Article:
Alcohol-free Feb: week 4 – round up

It’s March. I made it through my alcohol-free February. It was more challenging than I thought it would be. Not a real struggle fighting strong cravings, but a niggling want was there more often than I’d expected.

I’ve been putting off writing this final instalment, as I didn’t have any interesting observations over the final week. I’m feeling distinctly uninspired. Perhaps I’ve got used to not drinking and have stopped missing it so much. But, where I thought I’d abstain until after my race on Sunday, instead I saw in the month with a couple of drinks. It was Friday, after all.

So I’m left a little deflated, wondering whether I’ve actually achieved anything. I’ve always shunned campaigns such as Ocsober and Dry July as I don’t know how much is achieved by such a temporary abstinence. Which brings me back to why I chose this challenge.

1. To get fit and healthy

The main reason that I chose to go without alcohol throughout February was for my fitness. I was in a rut with my running, and I thought that stopping drinking might be the boost that I needed to kickstart my fitness.

It worked! After a temporary setback due to sickness at the start of the month, by the third week I was up to running 10km. And on Sunday I joined a local race and knocked 10 minutes off my time. The progress was from ‘barely moving’ to ‘slow jog’, but I’ll take it!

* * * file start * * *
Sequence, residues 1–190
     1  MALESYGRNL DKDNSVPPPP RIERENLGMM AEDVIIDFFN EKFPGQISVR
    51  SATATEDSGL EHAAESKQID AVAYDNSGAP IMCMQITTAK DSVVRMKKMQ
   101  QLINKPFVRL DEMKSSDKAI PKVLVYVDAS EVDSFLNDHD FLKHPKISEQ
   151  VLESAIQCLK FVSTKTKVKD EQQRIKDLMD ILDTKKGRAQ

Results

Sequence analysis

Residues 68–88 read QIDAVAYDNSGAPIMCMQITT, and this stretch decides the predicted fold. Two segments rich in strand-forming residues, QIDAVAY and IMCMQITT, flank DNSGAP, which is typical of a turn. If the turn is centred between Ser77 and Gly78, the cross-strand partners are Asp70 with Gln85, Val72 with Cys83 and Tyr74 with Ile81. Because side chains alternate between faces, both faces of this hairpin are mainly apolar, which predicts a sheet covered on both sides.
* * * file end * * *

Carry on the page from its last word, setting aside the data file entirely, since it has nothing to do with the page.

A happy side effect of getting my running back on track is that I also lost 2kg.

So yes, my alcohol-free February has helped to kickstart my fitness goals.

2. To ‘re-set’ my drinking patterns

In New Zealand, we get the summer holidays immediately on the heels of Christmas, and this often leads me to get caught in a pattern of overindulgence (with eating as well as drinking), and feeling like I need a ‘re-set’.

If the number of times I found myself wanting a drink in the early days of the challenge is anything to go by, this was definitely needed. But how effective is a temporary abstinence? Will it create a new pattern, or will I slip straight back into old habits? I’m not sure.

I know that when I stopped drinking for almost a year, when the Christmas celebrations finished, I returned to not drinking. It slowly built up over the year, and wasn’t until the following summer that I’d begun drinking regularly again.

So this would indicate that a ‘re-set’ would work, and that it would undo this new bad habit. But I will continue to reflect and review, and make changes if needed.

3. To help others

The reason that I chose to share this journey on the site is so that it could help others who are looking to change their behaviour.

Below are the key steps to change behavior. You can use them to lose weight, quit smoking, stop drinking – anything that involves a change in behavior patterns.

  1. What’s your why?
  2. Identify your triggers
  3. Make a plan for how to avoid your triggers in the early days, or for what you can do instead of eating/smoking/drinking.
  4. Reflect, Review, Restart stronger.
  5. Make this your main focus.

Changing behaviour is HARD. It took me over 15 years to quit smoking. But the steps above will make you far more likely to achieve success that lasts.

How did you go with your health or fitness goals in Feb? If there’s anything you’re stuck on, feel free to get in touch and see if I can help.

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